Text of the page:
The iPhone is a great little device for filming. Video is sharp, with good colours, and impressive slow-motion. So I use mine a lot, but it has its limitations. Here are the pros and cons to help you decide whether you should use your phone or an SLR/mirrorless camera.
Why you should…
You’ve already got one
If you already own an iPhone, that’s one of the main advantages: you can start filming straight away without needing to buy a camera. But if you don’t own one, you can get better image quality at a lower price from a DSLR or mirrorless camera.
It’s small, light and discreet
Nobody paid much attention when I filmed with my iPhone in this Paris market.
The iPhone is inconspicuous and people are used to them. You can shoot with it in situations where a big video camera or DSLR would attract too much attention. It’s small and light, so it’s easy to carry with you anywhere, and to mount in unusual places.
People are usually less self-conscious when you film them with a phone rather than a pro camera. You’ll probably get more natural responses by using a phone – but not if you overload it with accessories.
To shoot this film with an SLR, I used a big carbon fibre tripod, a monopod, a loupe, a stabiliser, a wheelchair and four lenses…
…but this one just needed an iPhone, a stabiliser and a wireless microphone.
Stabilisers are affordable
Using an iPhone and DJI OSMO on a boom pole for a crane shot.
Good iPhone stabilisers are much less expensive than ones for bigger cameras. So that makes smooth tracking shots really affordable. Mount the stabiliser on a boom pole or monopod and you can shoot crane shots without having to carry a big jib around with you.
Current iPhones have better slow motion than many DSLRs or mirrorless cameras: my 6S can shoot 120fps in full HD (or 240fps in 720p), while my Panasonic G80 can only manage 60fps.
You can shoot and edit on the same device
Being able to film and edit on your phone is a big advantage if you need to be able to put a movie together quickly in the field. It’s really useful for journalists and researchers.
…and why you shouldn’t
The camera is tiny
Mobile devices have tiny cameras and sensors. So that means they’re not good in low light and they can’t handle very contrasty scenes.
It has a fixed lens
You can’t get shallow focus shots like this unless you use a cumbersome adapter to mount SLR lenses.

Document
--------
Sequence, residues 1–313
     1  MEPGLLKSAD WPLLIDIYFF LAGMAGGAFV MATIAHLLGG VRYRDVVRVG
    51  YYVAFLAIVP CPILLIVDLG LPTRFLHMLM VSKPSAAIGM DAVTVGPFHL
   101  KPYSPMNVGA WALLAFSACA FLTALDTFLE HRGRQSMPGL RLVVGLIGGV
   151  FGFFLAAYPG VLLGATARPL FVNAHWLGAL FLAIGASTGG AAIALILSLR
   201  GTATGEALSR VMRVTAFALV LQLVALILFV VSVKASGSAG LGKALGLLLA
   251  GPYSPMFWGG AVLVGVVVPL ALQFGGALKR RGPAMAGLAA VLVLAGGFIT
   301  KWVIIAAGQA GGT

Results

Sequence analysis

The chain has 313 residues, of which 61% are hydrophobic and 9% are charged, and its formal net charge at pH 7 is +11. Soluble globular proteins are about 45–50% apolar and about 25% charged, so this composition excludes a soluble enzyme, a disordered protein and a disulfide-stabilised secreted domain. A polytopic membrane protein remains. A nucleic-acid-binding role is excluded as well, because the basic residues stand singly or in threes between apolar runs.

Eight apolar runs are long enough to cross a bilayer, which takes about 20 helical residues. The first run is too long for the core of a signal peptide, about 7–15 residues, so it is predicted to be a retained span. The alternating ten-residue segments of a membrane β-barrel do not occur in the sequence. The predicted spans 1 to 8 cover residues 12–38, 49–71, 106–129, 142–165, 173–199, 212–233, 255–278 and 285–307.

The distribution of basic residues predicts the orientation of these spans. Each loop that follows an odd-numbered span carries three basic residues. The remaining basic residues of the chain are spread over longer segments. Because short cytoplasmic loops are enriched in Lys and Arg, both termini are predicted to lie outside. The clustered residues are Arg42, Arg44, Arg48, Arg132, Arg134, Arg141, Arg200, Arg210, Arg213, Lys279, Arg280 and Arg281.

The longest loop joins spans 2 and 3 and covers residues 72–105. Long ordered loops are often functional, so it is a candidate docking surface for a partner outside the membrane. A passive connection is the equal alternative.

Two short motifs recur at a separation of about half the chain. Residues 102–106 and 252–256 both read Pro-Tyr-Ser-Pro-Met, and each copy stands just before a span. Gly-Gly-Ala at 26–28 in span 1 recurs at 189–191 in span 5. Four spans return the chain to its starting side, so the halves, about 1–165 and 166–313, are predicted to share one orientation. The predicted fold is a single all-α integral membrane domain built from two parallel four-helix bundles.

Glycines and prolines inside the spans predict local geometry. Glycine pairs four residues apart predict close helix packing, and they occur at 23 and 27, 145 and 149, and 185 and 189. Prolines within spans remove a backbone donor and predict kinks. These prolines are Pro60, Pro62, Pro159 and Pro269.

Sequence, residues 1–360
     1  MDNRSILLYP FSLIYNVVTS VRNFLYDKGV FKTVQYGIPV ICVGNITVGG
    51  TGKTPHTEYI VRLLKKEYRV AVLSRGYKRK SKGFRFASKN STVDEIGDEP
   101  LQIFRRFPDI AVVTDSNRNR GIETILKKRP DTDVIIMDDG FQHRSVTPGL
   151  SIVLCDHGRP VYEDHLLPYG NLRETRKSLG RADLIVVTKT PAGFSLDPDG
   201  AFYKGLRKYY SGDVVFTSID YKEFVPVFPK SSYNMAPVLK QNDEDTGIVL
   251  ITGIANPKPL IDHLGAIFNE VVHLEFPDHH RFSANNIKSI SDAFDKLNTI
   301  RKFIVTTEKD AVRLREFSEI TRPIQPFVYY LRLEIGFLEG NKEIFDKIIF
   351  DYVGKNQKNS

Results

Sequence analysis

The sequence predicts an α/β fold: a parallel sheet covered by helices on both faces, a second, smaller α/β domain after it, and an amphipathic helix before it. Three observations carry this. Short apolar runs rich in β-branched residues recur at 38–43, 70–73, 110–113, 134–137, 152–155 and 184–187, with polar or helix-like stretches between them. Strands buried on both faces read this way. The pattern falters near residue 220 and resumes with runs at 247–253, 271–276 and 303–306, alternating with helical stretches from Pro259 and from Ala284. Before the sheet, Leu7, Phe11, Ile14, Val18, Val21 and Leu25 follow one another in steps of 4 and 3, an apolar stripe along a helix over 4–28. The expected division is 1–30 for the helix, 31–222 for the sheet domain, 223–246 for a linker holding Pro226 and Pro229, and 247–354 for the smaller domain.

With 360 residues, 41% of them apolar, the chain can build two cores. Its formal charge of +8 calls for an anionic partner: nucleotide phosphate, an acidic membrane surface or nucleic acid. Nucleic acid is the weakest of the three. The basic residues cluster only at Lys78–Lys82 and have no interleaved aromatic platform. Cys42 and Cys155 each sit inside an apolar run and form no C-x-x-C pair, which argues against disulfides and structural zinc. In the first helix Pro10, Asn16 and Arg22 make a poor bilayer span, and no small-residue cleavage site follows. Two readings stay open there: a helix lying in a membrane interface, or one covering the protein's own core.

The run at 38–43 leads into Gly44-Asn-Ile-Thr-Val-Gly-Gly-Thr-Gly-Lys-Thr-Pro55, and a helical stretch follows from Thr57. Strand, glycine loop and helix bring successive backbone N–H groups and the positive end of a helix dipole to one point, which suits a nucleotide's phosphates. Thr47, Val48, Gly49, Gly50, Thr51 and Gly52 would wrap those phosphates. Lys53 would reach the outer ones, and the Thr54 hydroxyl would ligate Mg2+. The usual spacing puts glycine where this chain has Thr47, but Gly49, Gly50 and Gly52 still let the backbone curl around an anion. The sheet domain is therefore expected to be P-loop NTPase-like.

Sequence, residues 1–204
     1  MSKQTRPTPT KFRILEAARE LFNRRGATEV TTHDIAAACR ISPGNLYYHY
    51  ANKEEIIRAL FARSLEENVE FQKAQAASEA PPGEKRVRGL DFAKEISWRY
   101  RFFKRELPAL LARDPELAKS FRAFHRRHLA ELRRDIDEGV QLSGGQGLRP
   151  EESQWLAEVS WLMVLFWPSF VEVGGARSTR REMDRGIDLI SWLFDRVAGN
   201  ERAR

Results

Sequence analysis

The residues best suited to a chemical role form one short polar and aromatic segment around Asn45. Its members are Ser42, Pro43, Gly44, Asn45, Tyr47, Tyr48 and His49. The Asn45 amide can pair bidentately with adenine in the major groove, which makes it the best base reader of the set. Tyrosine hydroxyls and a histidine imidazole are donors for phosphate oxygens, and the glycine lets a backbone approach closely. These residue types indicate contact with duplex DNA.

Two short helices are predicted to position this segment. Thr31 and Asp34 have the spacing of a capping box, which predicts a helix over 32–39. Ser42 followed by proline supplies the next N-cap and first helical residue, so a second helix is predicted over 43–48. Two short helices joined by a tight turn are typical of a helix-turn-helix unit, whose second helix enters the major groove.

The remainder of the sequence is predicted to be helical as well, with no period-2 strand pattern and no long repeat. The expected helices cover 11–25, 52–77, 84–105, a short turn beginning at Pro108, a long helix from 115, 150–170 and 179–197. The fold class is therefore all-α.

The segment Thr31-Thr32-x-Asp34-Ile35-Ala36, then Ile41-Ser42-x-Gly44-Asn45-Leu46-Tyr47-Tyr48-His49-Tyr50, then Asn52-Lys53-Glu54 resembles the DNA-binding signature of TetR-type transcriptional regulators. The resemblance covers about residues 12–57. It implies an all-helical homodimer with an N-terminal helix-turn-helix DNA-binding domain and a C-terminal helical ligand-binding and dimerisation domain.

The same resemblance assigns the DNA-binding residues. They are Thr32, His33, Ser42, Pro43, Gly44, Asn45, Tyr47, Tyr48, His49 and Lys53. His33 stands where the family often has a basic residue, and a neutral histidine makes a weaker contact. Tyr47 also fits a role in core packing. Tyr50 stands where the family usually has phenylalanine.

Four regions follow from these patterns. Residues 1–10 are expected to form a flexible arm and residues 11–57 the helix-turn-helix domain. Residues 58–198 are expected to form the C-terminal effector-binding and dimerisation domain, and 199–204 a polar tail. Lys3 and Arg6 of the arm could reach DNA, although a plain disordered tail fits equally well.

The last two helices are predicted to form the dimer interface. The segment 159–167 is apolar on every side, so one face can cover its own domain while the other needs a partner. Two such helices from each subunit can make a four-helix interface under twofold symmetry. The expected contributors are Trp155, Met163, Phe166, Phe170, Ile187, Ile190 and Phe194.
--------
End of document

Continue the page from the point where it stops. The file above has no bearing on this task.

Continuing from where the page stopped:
You can’t swap lenses (though the iPhone 7 Plus has twin lenses). You can add adapter lenses for wide and telephoto shots, but you’ll usually lose quality. And because the lens and sensor are so tiny, there’s a lot of depth of field so it’s hard to use shallow focus creatively.
Audio is limited
You’ll either need to get close or to use a separate microphone. It can be difficult to monitor audio as you shoot. (However, many SLRs and mirrorless cameras have similar limitations.)
It’s hard to hold steady
Phones are designed to be held vertically for phone calls and screen reading. To get steady shots when holding your phone horizontally for filming, you’ll need to buy a clamp, case or stabiliser.
Limited control and limited quality
Manual controls are limited. You can get pro camera apps like Filmic Pro which let you control shutter speed, aperture and white balance, but adjustments are limited and much slower than the buttons and dials on interchangeable lens cameras.
Many mirrorless cameras and DSLRs can record video in higher quality formats that are easier to adjust and correct than iPhone video.
No eye-level viewfinder
The screen is designed to be held away from your face, which can be a problem in bright sunlight. Many mirrorless cameras have eye-level viewfinders, and you can buy loupes for eye-level shooting with SLRs.
No articulating screen
Many SLRs and camcorders have swivel screens – or the option of outputting to an external monitor – which makes it easy to monitor high and low angle shots.
iPhones have fixed, limited memory and you can’t swap memory cards. So for extended filming, you’ll need to transfer your footage to another device or a (slow) expansion module like the Samsung iXpand.
So, should you shoot with your iPhone? If you’re making news, documentary or factual videos, and particularly if you want to be discreet, the iPhone has some compelling advantages. But if you want more control and the advantages of a large sensor and interchangeable lenses, you could be better off with a more traditional camera.